I warmly welcome the commitment of the House of Bishops to the Biblical definition of marriage, which provides a clear context for our future work.
The report recognises that the Church is wrestling with how best to uphold and promote this good gift from God, while showing real pastoral care for all in our communities, irrespective of the nature of their relationships.
I particularly welcome the proposals in the report which:
- Will help us distinguish between the Church’s understanding of marriage and that currently held by the State
- Insist that any services in the Church must uphold its doctrine of marriage
- Do not move away from questioning ordinands and clergy about their lifestyles, but seek to ensure that the questioning applies to all, whatever their sexual orientation
- Look forward to confident teaching both about the gift of marriage and the gift of singleness
- Recognise that we need to act within the context of a worldwide Anglican Communion where the great majority of Provinces hold to a traditional understanding of marriage and sexual relationships.
Thoughtful Anglicans might be disappointed by the statement that the House of Bishops wishes to allow ‘maximum freedom’ within existing law and guidelines. They will be concerned over the proposals that in order to change the Church’s ‘tone’ towards those in same-sex relationships, special events could be held and that fresh guidance on pastoral prayers is to be provided. Their fear is that this might result in a wide range of church activities and practices which effectively undermine the Church’s doctrine. The absence of proposals to tackle issues of discipline heighten these concerns.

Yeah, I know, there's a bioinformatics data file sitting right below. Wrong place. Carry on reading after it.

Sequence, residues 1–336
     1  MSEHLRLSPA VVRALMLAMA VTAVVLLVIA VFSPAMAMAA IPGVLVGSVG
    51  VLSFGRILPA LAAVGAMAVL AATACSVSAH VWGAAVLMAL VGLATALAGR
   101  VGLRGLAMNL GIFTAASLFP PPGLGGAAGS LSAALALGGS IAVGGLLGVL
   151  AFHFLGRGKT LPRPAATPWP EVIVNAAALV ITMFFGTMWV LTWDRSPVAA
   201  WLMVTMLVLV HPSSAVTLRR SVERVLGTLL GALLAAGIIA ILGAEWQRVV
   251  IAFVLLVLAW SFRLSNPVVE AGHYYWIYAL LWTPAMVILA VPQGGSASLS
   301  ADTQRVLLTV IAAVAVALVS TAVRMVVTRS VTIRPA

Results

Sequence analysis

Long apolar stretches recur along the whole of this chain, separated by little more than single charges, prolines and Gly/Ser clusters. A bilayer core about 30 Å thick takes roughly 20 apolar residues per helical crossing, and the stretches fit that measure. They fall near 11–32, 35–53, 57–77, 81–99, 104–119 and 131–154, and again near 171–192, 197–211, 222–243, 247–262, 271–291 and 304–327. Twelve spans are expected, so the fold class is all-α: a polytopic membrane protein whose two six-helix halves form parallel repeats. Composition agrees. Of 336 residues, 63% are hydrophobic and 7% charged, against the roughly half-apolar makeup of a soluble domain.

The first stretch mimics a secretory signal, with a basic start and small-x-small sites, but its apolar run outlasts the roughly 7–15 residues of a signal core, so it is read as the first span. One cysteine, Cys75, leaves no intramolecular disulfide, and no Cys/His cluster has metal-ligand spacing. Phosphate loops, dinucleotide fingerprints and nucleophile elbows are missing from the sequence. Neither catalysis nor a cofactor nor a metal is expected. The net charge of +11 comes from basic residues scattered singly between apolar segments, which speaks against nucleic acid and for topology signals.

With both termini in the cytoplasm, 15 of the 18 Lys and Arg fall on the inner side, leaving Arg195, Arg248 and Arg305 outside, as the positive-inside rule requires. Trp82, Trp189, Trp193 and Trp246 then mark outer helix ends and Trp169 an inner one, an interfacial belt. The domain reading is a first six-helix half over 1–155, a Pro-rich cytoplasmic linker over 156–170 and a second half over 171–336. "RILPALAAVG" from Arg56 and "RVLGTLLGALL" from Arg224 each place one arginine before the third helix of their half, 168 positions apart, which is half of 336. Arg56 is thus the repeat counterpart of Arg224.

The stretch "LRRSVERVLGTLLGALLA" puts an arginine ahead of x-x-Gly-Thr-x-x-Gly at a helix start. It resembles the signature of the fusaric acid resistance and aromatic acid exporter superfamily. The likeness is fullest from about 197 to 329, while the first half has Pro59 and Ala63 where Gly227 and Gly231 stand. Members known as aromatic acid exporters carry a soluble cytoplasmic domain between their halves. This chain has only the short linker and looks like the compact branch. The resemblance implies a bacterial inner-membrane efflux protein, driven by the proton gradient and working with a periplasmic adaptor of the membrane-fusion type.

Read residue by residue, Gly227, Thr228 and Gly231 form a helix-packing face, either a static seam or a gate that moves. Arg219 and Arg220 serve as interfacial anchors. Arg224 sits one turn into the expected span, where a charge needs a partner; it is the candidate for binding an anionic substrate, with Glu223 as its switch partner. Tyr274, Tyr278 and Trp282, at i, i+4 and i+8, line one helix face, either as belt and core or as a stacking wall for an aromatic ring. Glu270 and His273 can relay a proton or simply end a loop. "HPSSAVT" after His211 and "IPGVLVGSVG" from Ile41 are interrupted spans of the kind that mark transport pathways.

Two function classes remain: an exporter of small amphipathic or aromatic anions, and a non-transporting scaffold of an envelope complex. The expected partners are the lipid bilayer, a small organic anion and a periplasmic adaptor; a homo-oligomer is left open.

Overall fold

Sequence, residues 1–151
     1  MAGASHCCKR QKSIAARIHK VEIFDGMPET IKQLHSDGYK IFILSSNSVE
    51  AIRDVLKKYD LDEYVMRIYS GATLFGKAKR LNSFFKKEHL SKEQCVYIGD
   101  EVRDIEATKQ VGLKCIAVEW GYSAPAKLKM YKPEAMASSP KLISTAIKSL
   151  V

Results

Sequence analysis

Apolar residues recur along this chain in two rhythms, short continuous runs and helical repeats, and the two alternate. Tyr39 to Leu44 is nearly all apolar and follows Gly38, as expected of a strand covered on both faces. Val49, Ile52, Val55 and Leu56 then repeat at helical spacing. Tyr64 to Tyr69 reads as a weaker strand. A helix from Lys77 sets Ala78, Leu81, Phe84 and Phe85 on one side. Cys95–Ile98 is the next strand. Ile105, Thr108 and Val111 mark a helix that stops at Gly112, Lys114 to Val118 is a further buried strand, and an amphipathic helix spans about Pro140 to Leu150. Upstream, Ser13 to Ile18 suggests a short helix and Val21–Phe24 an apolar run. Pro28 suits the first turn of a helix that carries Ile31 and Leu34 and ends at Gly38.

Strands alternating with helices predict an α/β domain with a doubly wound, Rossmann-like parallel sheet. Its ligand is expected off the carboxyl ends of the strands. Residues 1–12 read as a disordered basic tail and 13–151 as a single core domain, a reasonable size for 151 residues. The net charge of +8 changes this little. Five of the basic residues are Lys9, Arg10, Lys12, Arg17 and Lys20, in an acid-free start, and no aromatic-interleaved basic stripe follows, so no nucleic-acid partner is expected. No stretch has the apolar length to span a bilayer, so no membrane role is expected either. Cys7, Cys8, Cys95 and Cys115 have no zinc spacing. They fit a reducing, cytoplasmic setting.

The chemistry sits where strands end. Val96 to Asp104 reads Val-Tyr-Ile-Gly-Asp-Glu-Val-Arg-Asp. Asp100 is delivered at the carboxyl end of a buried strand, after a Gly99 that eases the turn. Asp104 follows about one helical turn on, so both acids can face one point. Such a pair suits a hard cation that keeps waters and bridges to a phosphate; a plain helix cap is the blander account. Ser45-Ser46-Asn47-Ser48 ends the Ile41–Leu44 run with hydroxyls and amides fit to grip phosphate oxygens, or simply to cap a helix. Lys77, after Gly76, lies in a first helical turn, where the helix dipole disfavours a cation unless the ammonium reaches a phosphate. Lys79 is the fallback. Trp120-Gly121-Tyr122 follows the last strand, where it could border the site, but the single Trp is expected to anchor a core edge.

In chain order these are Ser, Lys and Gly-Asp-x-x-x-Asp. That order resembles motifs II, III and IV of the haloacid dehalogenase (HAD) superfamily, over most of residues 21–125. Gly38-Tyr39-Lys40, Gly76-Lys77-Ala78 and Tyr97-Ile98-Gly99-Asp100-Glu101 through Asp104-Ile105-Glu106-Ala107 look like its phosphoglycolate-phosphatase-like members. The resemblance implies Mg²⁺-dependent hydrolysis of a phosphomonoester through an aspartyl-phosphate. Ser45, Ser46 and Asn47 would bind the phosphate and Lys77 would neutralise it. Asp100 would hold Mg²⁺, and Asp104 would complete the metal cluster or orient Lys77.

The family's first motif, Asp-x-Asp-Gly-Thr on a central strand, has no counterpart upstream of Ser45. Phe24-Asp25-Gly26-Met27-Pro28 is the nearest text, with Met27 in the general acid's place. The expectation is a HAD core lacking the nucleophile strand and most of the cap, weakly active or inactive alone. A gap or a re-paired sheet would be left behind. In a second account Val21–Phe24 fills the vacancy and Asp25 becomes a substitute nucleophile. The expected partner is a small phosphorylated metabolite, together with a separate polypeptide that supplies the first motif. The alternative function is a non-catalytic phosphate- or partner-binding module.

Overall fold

However, this is not a report which should lead to a ‘believe and do what you like’ form of false unity in the Church. It makes clear that our current agreement to work together is provisional and that future work must take place within the parameters of the Church’s doctrine as expressed in the laws by which it is governed. If it does not, the effect will be fundamentally divisive.
We must now both work for, and pray, that future work does indeed follow, rather than undermine, this course. We long for an approach which starts by engaging with Scripture and then drawing from that the practical lessons we should learn. We must also continue to pray for – and draw alongside – those who feel great pain that the relationships they value cannot be reconciled with God’s Word. We praise God that as we all seek in our frailty to follow His will, however hard it may be, there is great blessing and peace.